Mentions: We designed a series of proteins containing the MPER of gp41 by generating deletion mutants of gp41 (Figure 1A). Starting from a complete gp41 sequence devoid of the cytoplasmic tail (GP41-EC), we sequentially removed the fusion peptide to generate the GP41-2 L (2 helicoidal regions and loop) protein, the HR1 and the loop region to generate the GP41-MIN protein. Finally, we fused the fusion peptide to the MIN protein to limit HR2 flexibility and to putatively increase the association of the protein to the membrane (GP41-STAPLE construct, Figure 1A). All proteins were cloned in pcDNA3.1 expression vectors fused with a GFP sequence at the C-terminal end and transiently transfected in 293T cells to assess MPER exposure on the surface of transfected cells. As shown in Figure 1B, all proteins were similarly expressed as assessed by the intensity of GFP expression, although the proper exposure of MPER epitopes on the cell surface differed among constructs. The binding of two different anti-MPER antibodies (4E10 and 2F5) to the GP41-EC protein was hardly detectable, and the removal of the fusion peptide had little effect on cell surface MPER exposure, that remained only detectable at low level using the 2F5 antibody. Conversely, removal of the loop and the HR1 region greatly increased MPER exposure that become readily detectable by 4E10 and 2F5 in GP41-MIN transfected cells. Addition of the gp41 fusion peptide at the N-terminal end failed to increase cell surface expression of MPER, rather a decrease was observed for the binding of the 4E10 antibody (Figure 1B).We selected GP41-MIN and GP41-STAPLE constructs to determine the level of anti-MPER antibodies in HIV-1 infected individuals, and generated 293T cell lines stably expressing these proteins. For comparative purposes, a 293T cell line stably expressing the full-length HIV-1 envelope (gp160 protein, isolate NL4.3) was also selected. 293T cells expressing GP41-MIN and GP41-STAPLE showed higher level of cell-surface MPER exposure than cells expressing full-length Env as assessed by 2F5 staining. The low 2F5 signal in the latter cell line was not due to low full-length Env expression, since a strong positive signal was obtained after staining with the 2G12 anti-gp120 antibody (Figure 1C). Plasma from an HIV-1 infected individual showed reactivity against all cells, while background levels of antibody binding were detected when plasma from an uninfected individual was used (Figure 1C).


Anti-MPER antibodies with heterogeneous neutralization capacity are detectable in most untreated HIV-1 infected individuals.

Molinos-Albert LM, Carrillo J, Curriu M, Rodriguez de la Concepción ML, Marfil S, García E, Clotet B, Blanco J - Retrovirology (2014)

Characterization of gp41-derived proteins. Panel A. Different gp41-derived proteins used in this study are depicted. The different regions of gp41 are depicted in blue (fusion peptide), red (helicoidal region 1, HR1), brown (disulfide loop), green (HR2), yellow (membrane proximal external region, MPER) and purple (Transmembrane region, TM). The GFP fused to the C-terminal sequence is also depicted in light green. Panel B. Flow cytometry analysis of MPER exposure on the surface of transfected cells. 293T cells transiently transfected with the constructions shown in panel A were analyzed for cell surface MPER exposure. Plots of GFP expression and binding of control, 4E10 and 2F5 antibodies are shown. Panel C. 293T cells stably expressing the MIN (left panels) or STAPLE (middle panels) constructions were selected and the binding profile of different antibodies was compared with a 293T cell line stably expressing a full-length HIV-1 envelope construct (right panels). Antibodies tested were the anti-MPER mAb 2F5, the anti-gp120 glycan shield mAb 2G12 and plasma samples from HIV-1 infected or uninfected individuals.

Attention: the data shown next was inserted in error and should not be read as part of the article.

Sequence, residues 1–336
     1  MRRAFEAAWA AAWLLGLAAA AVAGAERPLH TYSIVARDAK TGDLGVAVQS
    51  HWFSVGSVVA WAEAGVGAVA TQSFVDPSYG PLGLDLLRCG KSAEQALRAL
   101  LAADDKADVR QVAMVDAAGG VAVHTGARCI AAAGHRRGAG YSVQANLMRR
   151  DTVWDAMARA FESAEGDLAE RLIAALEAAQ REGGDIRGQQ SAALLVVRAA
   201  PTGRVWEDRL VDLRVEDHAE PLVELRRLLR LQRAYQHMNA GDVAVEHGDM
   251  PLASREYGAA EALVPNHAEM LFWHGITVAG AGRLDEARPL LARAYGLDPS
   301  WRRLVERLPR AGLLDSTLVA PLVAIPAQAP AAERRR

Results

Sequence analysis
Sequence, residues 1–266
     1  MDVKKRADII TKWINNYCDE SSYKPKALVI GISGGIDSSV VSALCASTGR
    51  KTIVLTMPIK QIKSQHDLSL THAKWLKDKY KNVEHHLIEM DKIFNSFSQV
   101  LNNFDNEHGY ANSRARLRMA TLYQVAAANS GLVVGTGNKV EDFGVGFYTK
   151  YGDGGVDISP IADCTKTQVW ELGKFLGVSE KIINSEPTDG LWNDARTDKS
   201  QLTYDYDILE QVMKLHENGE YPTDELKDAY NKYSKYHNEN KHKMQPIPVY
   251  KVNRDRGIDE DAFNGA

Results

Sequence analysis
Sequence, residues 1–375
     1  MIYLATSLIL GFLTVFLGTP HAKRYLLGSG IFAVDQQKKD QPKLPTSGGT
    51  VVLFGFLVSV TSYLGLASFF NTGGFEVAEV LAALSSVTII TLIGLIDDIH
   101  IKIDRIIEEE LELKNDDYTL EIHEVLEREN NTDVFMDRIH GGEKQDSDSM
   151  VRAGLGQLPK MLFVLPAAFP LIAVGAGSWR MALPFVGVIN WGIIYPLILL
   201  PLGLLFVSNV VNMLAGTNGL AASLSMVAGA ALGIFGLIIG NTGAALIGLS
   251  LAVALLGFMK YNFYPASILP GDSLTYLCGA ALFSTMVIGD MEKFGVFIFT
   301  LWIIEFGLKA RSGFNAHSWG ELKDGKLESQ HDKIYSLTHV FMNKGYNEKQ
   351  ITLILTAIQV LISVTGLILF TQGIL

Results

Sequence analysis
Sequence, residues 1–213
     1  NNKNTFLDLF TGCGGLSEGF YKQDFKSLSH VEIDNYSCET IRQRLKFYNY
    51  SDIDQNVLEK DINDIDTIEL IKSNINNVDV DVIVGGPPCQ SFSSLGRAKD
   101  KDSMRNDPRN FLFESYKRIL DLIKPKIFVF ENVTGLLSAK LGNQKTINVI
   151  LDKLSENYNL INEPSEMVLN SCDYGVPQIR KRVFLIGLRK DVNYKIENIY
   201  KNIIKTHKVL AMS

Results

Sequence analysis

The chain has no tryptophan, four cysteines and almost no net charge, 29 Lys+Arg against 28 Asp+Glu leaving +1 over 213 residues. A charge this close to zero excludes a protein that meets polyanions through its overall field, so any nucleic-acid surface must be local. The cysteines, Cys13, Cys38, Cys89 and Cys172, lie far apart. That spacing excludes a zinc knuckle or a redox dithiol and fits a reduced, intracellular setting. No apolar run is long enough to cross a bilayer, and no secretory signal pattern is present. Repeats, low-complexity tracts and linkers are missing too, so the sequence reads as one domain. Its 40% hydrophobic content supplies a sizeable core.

© Copyright Policy - open-access
Related In: Results  -  Collection

License 1 - License 2
Show All Figures
getmorefigures.php?uid=PMC4067070&req=5

Figure 1: Characterization of gp41-derived proteins. Panel A. Different gp41-derived proteins used in this study are depicted. The different regions of gp41 are depicted in blue (fusion peptide), red (helicoidal region 1, HR1), brown (disulfide loop), green (HR2), yellow (membrane proximal external region, MPER) and purple (Transmembrane region, TM). The GFP fused to the C-terminal sequence is also depicted in light green. Panel B. Flow cytometry analysis of MPER exposure on the surface of transfected cells. 293T cells transiently transfected with the constructions shown in panel A were analyzed for cell surface MPER exposure. Plots of GFP expression and binding of control, 4E10 and 2F5 antibodies are shown. Panel C. 293T cells stably expressing the MIN (left panels) or STAPLE (middle panels) constructions were selected and the binding profile of different antibodies was compared with a 293T cell line stably expressing a full-length HIV-1 envelope construct (right panels). Antibodies tested were the anti-MPER mAb 2F5, the anti-gp120 glycan shield mAb 2G12 and plasma samples from HIV-1 infected or uninfected individuals.